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Atul Kapur

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About Atul Kapur

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    PRP, CPP-T, formerly "Student"

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    Ottawa, Ontario, Canada

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  1. Usually, I've seen that the president announces the appointments and, unless there is an objection voiced, it is taken that these are approved by unanimous consent. If an objection is raised, then the president can assume a motion to approve the committee appointments. You may find 50:13(c) "nominations by the chair" helpful as it is very similar to the process you are describing. Regarding custom, see 2:25 which specifies its place in the hierarchy of rules.
  2. Quorum requirements cannot be waived. Not in a board. Not in a committee. Not in a train. Not in a plane. Not even if you have Green Eggs and Ham. Unless the bylaws say they can be waived, and you tell us yours don't. If your bylaws or superior rules say that some members cannot vote because of a conflict of interest, then they should also say how those conflicted members affect the quorum.
  3. The board chair presides over the board meeting. If the committee chair makes a motion on behalf of the committee, then it is treated as any other motion and the presiding officer presides over the debate and vote. It is a common error to have the committee chair preside over that motion. If the motion comes from a committee, it does not need to be seconded.
  4. It sounds like a point of order would be appropriate, along the lines of 23:8, remedy for inclusion of improper votes.
  5. Tl;dr: The needs of legislative bodies are significantly different from those of ordinary voluntary associations and non profit corporations.
  6. I have never seen these as rights. Rather, I see these as the assembly delegating its authority to the presiding officer, whether that person is a member or not. So I do not think that they mirror the duties of the chair but actually are duties rather than rights. I may agree with the concept, but not with this example.
  7. Can we step back a bit? Depending on the wording of the original motion to hire the CEO, I am not certain that an amendment of the contract necessarily requires an amendment of that motion. The motion to hire the CEO is not necessarily one that has continuing effect; it may have been completely executed when the CEO was hired. In that case, the extension would be a new main motion, even if it's in the form of an amendment to the original contract.
  8. As stated by others, Robert's Rules of Order Newly Revised makes no mention of a "material change." I have seen the term mentioned in some corporate statutes, with a requirement for a higher vote than a majority. You mention that you found no mention in your rules or bylaws; I suggest you look at the statutes that apply to your organization. Usually, I have seen that they require a 2/3 vote. This is different from 66% and means at least 2/3. So, for example if you have 100 votes, then it would take 67 votes to meet the 2/3 threshold as 66 less than 2/3 of 100 (66.6666....).
  9. As I said earlier, I disagree completely with this. Once the written notices of resignations are received, the board members are free to start the process to fill the upcoming vacancies. And, based on this non-lawyer's interpretation of what you've provided above, one board member is not quorum. As I suspected, this means a majority of the number of director positions rather than the number of actual bodies in those positions. So the one remaining member of the board will not satisfy the quorum requirement (again, I am not a lawyer so you should advise the organization to have a l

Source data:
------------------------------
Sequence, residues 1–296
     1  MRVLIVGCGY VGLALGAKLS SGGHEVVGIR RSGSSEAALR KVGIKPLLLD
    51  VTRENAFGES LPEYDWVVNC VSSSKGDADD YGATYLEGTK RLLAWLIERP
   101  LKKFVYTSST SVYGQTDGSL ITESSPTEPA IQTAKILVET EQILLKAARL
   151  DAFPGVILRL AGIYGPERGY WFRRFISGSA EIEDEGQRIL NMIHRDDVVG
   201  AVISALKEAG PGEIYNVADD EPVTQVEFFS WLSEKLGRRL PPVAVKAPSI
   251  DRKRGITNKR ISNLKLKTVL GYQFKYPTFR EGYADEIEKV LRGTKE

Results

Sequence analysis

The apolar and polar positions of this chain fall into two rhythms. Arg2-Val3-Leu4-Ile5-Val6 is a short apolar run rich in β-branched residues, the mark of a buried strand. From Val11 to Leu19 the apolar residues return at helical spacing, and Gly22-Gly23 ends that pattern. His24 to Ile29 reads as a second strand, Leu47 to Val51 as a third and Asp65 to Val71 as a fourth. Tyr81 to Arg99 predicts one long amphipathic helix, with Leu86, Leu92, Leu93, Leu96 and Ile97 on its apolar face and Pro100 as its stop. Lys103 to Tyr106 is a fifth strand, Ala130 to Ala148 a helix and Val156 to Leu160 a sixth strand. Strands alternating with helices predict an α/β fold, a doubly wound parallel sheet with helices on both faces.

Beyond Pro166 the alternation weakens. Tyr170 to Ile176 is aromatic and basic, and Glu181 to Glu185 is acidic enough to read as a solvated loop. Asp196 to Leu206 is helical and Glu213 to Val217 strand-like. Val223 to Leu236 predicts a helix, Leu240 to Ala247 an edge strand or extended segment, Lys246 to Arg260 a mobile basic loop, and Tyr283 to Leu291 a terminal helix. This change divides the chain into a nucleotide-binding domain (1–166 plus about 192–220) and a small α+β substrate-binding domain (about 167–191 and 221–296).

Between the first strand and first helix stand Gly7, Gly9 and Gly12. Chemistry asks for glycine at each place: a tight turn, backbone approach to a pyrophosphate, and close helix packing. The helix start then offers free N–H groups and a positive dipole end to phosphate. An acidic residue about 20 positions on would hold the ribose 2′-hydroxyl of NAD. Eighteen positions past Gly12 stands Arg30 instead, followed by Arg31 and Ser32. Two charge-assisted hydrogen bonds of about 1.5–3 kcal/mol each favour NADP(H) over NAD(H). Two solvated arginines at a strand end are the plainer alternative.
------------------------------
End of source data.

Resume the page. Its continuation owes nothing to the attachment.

10. The two representatives of the new club are members of the board and have the same rights as any other member of the board, including to speak and vote on items of business.
  11. It sounds like you are reading this to mean that they have to wait until the resignation is effective in order to set the special meeting. I do not read this to say that. The current board of directors can, as of today, set up a special meeting (or a special election if they are able to do the election outside of a meeting). I would also check to see what the statute says about quorum for the board of directors. I have seen corporate statutes that define quorum based on the the number of positions rather than the number of members, and then put in provisions about what to do if the number
  12. I agree, of course. Seconding the motion is a one-time step that allows it to be processed all the way through to disposition.
  13. I would put it the other way: That's the only thing a second is for; it is to determine if more than one person wants the item to be discussed.
  14. To be clear, you cannot change the wording of a motion that was passed by changing the minutes. If the minutes accurately record the motion as it was stated, in this case repeatedly stated, and voted upon, then they should not be changed. The minutes approval is not a way to "rewrite history". The minutes approval process is just to ensure that the minutes are accurate. I know this is what Mr. Brown meant, but the way it was worded left the possibility of misinterpretation. if the president does not like the motion that was passed, the president is free to try to "fix" it at a future mee
  15. All of this theoretical comment is irrelevant to the OP, where we are told and the question posed was
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